Using information from DataReportal, this visual highlights which regions have the greatest number of people disconnected from the web. We’ll also dive into why some regions have low numbers, and take a look at which countries have seen the most growth in the last year.
Top 10 Most Disconnected, by Number of People
The majority of countries with lower rates of internet access are in Asia and Africa. Here’s a look at the top 10 countries with the highest numbers of people not connected to the web:
|Rank||Country / Territory||Unconnected People||% of Population|
|8||Democratic Republic of Congo||71,823,319||81%|
*Note: Rankings only include countries/territories with populations over 50,000.
Interestingly, India has the lowest levels of connectivity despite having the second largest online market in the world. That being said, 50% of the country’s population still doesn’t have internet access—for reference, only 14% of the U.S. population remains disconnected to the web. Clearly, India has some untapped potential.
China takes second place, with over 582 million people not connected to the internet. This is partly because of the country’s significant rural population—in 2019, 39% of the country’s population was living in rural areas.
The gap in internet access between rural and urban China is significant. This was made apparent during China’s recent switch to online learning in response to the pandemic. While one-third of elementary school children living in rural areas weren’t able to access their online classes, only 5.7% of city dwellers weren’t able to log on.
It’s important to note that the rural-urban divide is an issue in many countries, not just China. Even places like the U.S. struggle to provide internet access to remote or rugged rural areas.
Top 10 Most Disconnected, by Share of Population
While India, China, and Pakistan have the highest number of people without internet access, there are countries arguably more disconnected.
Here’s a look at the top 10 most disconnected countries, by share of population:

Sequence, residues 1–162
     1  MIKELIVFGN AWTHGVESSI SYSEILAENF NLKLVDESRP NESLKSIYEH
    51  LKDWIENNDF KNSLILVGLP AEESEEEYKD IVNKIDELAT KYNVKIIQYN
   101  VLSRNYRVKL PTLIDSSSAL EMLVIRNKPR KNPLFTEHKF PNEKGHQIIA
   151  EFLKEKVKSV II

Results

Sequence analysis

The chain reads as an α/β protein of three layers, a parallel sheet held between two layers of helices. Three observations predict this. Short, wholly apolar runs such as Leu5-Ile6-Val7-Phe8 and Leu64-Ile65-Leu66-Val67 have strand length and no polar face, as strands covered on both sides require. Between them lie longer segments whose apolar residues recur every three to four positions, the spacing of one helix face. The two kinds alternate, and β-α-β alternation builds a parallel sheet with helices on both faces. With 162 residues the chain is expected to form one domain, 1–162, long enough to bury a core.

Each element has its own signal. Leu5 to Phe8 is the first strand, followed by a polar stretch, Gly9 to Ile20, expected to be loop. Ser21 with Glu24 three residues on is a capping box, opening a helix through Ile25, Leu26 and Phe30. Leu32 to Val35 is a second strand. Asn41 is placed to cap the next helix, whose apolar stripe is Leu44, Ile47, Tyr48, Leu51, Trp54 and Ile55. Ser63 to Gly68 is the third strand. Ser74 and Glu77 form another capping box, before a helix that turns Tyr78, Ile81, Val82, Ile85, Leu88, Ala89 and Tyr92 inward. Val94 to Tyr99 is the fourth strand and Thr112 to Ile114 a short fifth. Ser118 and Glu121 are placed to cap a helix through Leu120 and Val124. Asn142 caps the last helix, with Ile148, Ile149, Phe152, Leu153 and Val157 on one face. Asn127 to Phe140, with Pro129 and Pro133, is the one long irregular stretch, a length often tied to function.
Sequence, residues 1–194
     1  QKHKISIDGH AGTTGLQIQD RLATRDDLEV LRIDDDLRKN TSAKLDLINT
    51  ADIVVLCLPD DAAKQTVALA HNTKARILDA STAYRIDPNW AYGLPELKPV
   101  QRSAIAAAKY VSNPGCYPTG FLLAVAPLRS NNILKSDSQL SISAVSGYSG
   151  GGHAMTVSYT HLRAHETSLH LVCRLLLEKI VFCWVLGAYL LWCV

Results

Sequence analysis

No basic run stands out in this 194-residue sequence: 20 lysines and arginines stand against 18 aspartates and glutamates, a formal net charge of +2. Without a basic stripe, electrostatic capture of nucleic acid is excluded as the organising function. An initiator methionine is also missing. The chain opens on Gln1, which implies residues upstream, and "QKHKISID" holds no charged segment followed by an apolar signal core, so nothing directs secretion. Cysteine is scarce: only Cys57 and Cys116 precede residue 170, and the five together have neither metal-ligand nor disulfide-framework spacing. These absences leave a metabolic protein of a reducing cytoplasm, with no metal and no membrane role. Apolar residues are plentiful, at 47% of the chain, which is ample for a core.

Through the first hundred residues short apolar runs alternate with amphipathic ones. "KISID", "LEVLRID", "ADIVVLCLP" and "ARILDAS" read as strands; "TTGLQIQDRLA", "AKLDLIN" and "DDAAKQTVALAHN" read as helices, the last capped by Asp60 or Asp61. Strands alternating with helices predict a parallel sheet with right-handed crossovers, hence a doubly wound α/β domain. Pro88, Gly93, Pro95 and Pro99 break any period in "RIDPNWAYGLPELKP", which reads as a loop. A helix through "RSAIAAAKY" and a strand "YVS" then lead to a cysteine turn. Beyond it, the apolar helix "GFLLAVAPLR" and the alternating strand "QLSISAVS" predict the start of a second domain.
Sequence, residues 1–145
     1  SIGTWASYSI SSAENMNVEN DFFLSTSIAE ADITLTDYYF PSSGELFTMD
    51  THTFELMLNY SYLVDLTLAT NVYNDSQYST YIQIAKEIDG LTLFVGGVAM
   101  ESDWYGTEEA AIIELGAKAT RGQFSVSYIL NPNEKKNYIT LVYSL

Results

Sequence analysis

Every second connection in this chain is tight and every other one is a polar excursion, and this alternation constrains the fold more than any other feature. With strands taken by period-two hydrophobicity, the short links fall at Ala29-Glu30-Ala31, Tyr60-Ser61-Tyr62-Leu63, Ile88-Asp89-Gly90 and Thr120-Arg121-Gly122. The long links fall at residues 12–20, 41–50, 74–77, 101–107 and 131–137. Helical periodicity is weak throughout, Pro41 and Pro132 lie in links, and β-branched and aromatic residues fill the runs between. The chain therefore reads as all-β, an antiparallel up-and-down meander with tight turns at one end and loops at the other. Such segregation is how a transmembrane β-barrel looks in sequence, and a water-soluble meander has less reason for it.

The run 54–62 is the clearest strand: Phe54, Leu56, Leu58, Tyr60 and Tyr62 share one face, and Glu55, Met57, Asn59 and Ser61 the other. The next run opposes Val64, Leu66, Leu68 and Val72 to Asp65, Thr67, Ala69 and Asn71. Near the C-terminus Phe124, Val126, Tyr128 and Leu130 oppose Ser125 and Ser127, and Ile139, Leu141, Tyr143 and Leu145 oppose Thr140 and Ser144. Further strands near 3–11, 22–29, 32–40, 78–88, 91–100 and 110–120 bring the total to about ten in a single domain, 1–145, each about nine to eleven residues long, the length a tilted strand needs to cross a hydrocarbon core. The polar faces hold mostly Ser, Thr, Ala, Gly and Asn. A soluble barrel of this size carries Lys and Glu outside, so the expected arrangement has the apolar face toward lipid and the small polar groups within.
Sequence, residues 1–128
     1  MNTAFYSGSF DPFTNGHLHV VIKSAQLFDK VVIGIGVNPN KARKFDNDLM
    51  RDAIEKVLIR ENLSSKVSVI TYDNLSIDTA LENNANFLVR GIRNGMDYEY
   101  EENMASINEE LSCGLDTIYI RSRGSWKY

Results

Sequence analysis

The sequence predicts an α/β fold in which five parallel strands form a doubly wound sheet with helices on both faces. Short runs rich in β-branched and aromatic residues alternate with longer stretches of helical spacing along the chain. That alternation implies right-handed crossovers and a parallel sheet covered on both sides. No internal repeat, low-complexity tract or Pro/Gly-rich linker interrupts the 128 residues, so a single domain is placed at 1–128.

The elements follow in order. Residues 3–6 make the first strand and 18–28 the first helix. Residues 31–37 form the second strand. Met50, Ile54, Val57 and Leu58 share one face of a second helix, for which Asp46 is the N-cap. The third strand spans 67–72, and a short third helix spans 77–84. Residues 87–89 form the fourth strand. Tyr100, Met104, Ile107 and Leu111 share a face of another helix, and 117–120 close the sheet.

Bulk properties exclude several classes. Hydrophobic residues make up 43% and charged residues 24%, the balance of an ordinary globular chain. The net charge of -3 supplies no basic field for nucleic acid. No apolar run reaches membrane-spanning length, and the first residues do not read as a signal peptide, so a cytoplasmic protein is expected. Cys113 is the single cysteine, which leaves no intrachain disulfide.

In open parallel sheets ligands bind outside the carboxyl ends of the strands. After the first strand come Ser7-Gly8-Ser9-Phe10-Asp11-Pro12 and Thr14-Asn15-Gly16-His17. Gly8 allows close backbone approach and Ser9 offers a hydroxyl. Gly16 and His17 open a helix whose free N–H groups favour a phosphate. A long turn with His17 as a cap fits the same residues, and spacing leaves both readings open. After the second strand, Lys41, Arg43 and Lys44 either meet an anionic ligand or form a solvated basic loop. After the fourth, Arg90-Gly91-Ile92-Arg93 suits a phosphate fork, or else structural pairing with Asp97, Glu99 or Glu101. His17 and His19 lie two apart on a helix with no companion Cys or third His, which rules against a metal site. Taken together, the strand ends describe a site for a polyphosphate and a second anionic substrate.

|Rank||Country / Territory||% of Population||Unconnected People|
|7||Papua New Guinea||88%||7,761,628|
|10||Central African Republic||86%||4,132,006|
There are various reasons why these regions have a high percentage of people not online—some are political, which is the case of North Korea, where only a select few people can access the wider web. Regular citizens are restricted from using the global internet but have access to a domestic intranet called Kwangmyong.
Other reasons are financial, which is the case in South Sudan. The country has struggled with civil conflict and economic hardship for years, which has caused widespread poverty throughout the nation. It’s also stifled infrastructural development—only 2% of the country has access to electricity as of 2020, which explains why so few people have access to the web.
In the case of Papua New Guinea, a massive rural population is likely the reason behind its low percentage of internet users—80% of the population lives in rural areas, with little to no connections to modern life.
Fastest Growing Regions
While internet advancements like 5G are happening in certain regions, and showing no signs of slowing down, there’s still a long way to go before we reach global connectivity.
Despite the long road ahead, the gap is closing, and previously untapped markets are seeing significant growth. Here’s a look at the top five fast-growing regions:
|Rank||Region||Change in internet use (From 2019 to 2020)|
Africa has seen significant growth, mainly because of a massive spike of internet users in the Democratic Republic of Congo (DRC)—between 2019 and 2020, the country’s number of internet users increased by 9 million (+122%). This growth has been facilitated by non-profit organizations and companies like Facebook, which have invested heavily in the development of Africa’s internet connectivity.
India has also seen significant growth—between 2019 and 2020, the number of internet users in the country grew by 128 million (+23%).